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Having reviewed over 1200 books on this blog, I have now written two myself. Motherdarling is a story about a search for a missing Will which reveals long-hidden family secrets. The Kids of God is a thriller set in a dystopia ruled by fascist paramilitaries. Both are available as paperbacks and on Kindle through Amazon. I live in Canterbury, England. I lived for more than thirty years in Bedford. Having retired from teaching; I became a research student at the University of Bedfordshire researching into Liminality. I achieved my PhD in 2019. I am now properly retired. I love reading! I enjoy in particular fiction (mostly great and classic fiction although I also enjoy whodunnits), biography, history and smart thinking. Follow me on twitter: @daja57

Saturday, 8 December 2018

"The Camden Town Murder Mystery" by David Barrat

An exhaustive account of the murder of a prostitute, Emily Dimmock, in Camden Town in 1906. It seems unlikely that the author has left an stone unturned. Nevertheless, he cannot conclusively name the culprit. The most likely suspect seems to have been Robert Wood, a young man who had been seen consorting with Emily and whose postcard arranging a rendezvous with Emily on the night she was killed was found in her flat. Wood's subsequent behaviour was to lie repeatedly and to attempt to manufacture an alibi. However, amid much public celebration, Wood was acquitted at his trial. No one else was ever charged.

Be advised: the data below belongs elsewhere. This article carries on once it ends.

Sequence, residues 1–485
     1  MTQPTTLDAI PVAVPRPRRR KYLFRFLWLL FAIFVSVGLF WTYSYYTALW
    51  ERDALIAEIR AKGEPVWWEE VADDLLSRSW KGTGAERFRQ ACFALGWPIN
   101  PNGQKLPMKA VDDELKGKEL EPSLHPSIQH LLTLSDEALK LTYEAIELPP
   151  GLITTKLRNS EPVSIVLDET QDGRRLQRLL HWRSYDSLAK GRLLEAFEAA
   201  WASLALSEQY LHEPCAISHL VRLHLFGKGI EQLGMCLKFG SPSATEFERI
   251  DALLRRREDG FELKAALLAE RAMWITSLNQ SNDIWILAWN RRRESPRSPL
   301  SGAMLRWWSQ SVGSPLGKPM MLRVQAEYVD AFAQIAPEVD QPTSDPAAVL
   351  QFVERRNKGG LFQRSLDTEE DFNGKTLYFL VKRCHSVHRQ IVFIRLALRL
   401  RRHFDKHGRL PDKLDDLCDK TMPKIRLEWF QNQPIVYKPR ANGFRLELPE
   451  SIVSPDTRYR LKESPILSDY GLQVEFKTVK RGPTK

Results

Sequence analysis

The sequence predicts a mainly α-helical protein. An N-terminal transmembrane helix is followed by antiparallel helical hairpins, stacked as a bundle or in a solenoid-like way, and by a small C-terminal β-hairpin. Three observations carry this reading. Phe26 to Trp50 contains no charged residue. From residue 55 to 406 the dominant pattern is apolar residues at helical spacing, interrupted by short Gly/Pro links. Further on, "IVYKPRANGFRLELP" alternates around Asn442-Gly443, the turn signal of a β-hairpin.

This book is an incredibly full account of every detail surrounding the murder, including that Camden Town was named a former Attorney General who lived at Camden Place in Chislehurst, that Emily once worked as a chamber maid at the Swan Hotel in Bedford, that one of the witnesses at the trial was an extraordinarily dodgy character who specialised in arson insurance claims when living in New Zealand and who dies in Australia as the result of an explosion whilst setting up another arson-based insurance fraud. Lots of really interesting stuff. Unfortunately the author's habit of chasing down every alley and revealing every detail left me reeling. It was difficult enough given that Emily associated with many dodgy men (she worked as a prostitute) and so there was a plethora of suspects but I found it very difficult to see any sort of Wood for the multiplicity of trees.

December 2018; 313 pages (of small print)

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